Two men from Derbyshire have been jailed for trading in illicit alcohol and evading around £1 million in duty and VAT, after an investigation by HM Revenue and Customs (HMRC).
The duty free alcohol should have been exported to France and Belgium but never left the UK. Instead Tarsem Mandair (39) and Rickpal Bhathal, (34) diverted the goods to storage units in Derby to sell on at a cut price. The men used their illicit profit to buy high performance cars, including a BMW series 3 owned by Bhathal and an Audi Q7 owned by Mandair.
Gary Lampon, Assistant Director of Criminal Investigation for HMRC, said:
“This was a major operation which would have continued to deprive the public and the economy of vital funds had we not stopped it. The pair built up a massive enterprise which infiltrated the retail sector in Derbyshire. It funded lifestyles which would otherwise have been well beyond their means and they are now paying the price for their crime with the loss of liberty.”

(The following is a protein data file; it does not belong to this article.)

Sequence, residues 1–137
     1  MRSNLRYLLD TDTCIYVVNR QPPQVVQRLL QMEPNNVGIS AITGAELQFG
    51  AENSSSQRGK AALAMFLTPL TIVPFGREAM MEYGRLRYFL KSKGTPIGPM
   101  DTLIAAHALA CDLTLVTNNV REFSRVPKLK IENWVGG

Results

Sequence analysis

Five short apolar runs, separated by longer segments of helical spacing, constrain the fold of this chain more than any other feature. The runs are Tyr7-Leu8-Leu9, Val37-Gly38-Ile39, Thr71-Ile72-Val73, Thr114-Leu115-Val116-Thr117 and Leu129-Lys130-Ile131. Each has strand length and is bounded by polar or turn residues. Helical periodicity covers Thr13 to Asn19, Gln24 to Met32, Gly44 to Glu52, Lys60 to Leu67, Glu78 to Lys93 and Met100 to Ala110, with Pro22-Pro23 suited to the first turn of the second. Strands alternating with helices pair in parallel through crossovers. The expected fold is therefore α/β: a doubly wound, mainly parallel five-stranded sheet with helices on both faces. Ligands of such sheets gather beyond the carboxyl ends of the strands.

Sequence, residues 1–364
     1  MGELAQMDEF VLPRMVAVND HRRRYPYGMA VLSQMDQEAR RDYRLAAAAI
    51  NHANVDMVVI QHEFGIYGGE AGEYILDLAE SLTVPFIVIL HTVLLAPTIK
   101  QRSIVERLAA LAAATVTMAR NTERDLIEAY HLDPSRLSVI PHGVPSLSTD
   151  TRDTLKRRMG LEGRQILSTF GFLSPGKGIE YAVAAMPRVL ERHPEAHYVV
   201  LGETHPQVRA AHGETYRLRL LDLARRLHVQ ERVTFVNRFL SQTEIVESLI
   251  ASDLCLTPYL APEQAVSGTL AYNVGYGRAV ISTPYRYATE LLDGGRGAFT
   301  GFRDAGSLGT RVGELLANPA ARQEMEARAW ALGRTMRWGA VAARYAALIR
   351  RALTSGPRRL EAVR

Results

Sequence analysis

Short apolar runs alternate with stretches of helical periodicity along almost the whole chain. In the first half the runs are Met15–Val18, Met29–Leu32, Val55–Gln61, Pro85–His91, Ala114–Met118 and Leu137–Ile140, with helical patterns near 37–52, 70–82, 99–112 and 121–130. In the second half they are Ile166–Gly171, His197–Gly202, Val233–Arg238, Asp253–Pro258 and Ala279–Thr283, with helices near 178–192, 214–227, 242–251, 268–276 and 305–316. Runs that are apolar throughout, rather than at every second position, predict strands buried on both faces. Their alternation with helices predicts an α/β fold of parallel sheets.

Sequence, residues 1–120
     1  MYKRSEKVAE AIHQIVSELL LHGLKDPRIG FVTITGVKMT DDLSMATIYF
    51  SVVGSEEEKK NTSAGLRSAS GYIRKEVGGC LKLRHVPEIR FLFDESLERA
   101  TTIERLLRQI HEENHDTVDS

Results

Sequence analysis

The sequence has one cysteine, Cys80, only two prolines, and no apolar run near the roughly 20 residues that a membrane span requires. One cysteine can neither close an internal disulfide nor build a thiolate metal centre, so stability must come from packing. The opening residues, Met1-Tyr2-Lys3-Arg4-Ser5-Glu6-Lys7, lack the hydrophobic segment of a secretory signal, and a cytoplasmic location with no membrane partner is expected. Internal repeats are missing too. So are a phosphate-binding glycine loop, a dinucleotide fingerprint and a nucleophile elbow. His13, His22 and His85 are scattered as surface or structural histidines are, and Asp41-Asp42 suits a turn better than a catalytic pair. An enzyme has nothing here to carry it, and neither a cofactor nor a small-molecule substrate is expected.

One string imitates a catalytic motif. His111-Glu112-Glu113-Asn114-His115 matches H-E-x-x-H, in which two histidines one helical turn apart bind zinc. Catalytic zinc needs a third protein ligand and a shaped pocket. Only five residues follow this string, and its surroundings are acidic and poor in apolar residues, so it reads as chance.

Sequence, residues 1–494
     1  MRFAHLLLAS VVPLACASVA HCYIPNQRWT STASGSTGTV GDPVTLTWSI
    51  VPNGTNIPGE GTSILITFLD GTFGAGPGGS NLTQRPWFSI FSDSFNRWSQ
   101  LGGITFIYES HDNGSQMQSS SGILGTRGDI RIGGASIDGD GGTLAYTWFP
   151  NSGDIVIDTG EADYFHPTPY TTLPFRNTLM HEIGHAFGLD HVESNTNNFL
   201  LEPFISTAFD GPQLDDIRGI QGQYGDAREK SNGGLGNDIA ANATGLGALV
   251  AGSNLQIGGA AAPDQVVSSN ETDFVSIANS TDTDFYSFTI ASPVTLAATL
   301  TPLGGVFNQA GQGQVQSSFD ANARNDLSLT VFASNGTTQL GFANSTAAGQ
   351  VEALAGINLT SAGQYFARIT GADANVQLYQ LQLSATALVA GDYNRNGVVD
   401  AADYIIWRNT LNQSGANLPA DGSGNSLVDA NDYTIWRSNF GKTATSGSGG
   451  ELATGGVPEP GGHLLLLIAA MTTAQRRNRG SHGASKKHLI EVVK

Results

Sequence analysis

Thousands of litres of Glen’s and Smirnoff vodka, wine and beer were seized by HMRC officers in January and September 2011 from three storage units in Derby, rented by the gang using false company names. Officers worked for 48 hours to remove the haul, and also found counterfeit “duty paid” labels on bottles of Glen’s and seized sheets of counterfeit labels for High Commissioner whisky. They would sell the alcohol to retailers across Derbyshire at a cut price.
Over £110,000 in cash was seized from business and residential addresses.
Notes to Editors
1. Photographs of the defendants are available from HMRC’s Flickr site www.flickr.com/hmrcgovuk or on request.
2. Details of those sentenced at Derby Crown Court: Tarsem Mandair (DOB 10.09.73), of Glenshee Gardens, Chellaston, Derby, was sentenced to six months in jail on Friday 14 June 2013.
Rickpal Bhathal (DOB 20.11.78), of Montugue Way Chellaston, Derby, was sentenced to six months in jail on Friday 14 June 2013.
Both pleaded guilty to charges of conspiracy to deal in alcoholic drinks on which duty had not been paid, with intent to defraud under the Customs and Excise Management Act 1979, and possession of criminal property, namely cash, under the Proceeds of Crime Act 2002.
3. Follow HMRC on Twitter @HMRCgovuk
Issued by HM Revenue & Customs Press Office
HM Revenue & Customs (HMRC) is the UK’s tax authority.
HMRC is responsible for making sure that the money is available to fund the UK’s public services and for helping families and individuals with targeted financial support.